According to a recent phase 2 study published in Muscle & Nerve, tocilizumab, an established rheumatoid arthritis (RA) treatment, was found to reduce inflammation in amyotrophic lateral sclerosis (ALS) patients. The drug, which was FDA-approved for RA in 2010, was also demonstrated to be “safe and well-tolerated.”
Researchers at the Barrow Neurological Institute in Arizona tested the effects of tocilizumab in 22 adults with ALS against a placebo control group. All participants were required to have high levels of inflammatory markers in their blood in order to determine that inflammation played a role in their ALS.
The study’s participants received either three intravenous injections of Actemra (the brand name for tocilizumab) once a month, or a placebo. Follow-up took place every four weeks for 16 weeks. During follow-up, patients were monitored for any adverse events, tolerability of the drug, inflammatory markers, and ALS progression. Their ALS progression was measured by the Revised ALS Functional Rating Scale (ALSFRS-R).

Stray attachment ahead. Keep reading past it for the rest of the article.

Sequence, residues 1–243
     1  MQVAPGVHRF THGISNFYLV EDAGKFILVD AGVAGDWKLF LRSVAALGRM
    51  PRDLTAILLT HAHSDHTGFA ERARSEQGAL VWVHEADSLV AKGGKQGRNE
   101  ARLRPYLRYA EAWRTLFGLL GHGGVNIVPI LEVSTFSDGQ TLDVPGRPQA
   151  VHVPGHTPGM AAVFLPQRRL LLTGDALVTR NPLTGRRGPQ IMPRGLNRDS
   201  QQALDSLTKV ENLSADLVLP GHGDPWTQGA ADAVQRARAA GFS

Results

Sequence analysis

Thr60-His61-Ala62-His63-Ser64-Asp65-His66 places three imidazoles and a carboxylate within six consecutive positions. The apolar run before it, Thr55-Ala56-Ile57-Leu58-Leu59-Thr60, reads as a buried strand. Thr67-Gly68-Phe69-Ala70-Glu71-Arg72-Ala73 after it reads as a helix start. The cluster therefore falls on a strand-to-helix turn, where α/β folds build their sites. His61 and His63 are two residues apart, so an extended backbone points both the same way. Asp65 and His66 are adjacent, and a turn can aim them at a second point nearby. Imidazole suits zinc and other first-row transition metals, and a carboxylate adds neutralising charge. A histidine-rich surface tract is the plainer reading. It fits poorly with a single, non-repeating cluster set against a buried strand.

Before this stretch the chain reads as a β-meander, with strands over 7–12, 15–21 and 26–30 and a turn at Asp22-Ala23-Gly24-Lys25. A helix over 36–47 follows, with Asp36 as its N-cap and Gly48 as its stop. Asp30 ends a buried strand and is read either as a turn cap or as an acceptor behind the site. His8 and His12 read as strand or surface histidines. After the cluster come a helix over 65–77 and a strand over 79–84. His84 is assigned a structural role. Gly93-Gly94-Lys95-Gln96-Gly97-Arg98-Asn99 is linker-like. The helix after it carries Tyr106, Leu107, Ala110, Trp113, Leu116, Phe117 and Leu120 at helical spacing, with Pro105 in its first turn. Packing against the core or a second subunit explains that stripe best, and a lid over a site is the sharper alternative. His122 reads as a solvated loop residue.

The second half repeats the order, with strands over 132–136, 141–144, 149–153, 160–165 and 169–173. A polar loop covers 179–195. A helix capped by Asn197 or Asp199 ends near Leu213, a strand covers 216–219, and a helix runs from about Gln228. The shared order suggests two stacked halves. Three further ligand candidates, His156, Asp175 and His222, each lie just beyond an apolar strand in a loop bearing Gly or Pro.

Actemra was found to be generally safe, although there were a few reports of side effects, including one severe incident of aspiration pneumonia. However, this occurred in the placebo group. Two patients taking Actemra declined to continue treatment due to adverse effects — one developed a bacterial infection, while the other experienced low white blood cell levels.
Actemra led to an 88% decrease in C-reactive protein (CRP), an inflammatory marker, in the treatment group. The placebo group experienced a 4% increase in CRP.
The treatment group also saw “dramatically increased” levels of IL-6, a marker associated with ALS progression. However, the researchers say this supposed increase wasn’t due to disease progression – rather, Actemra interfered with the body’s normal breakdown of IL-6 without causing an actual increase.
Future use of the drug
Despite the seemingly positive results of the study, the researchers concluded that Actemra, at its current stage, showed no clinical benefit for the treatment of ALS, although future studies could prove differently.
In a final statement, the researchers wrote: “These results warrant further study in ALS patients where IL-6R genotype and CRP levels may be useful enrichment biomarkers.”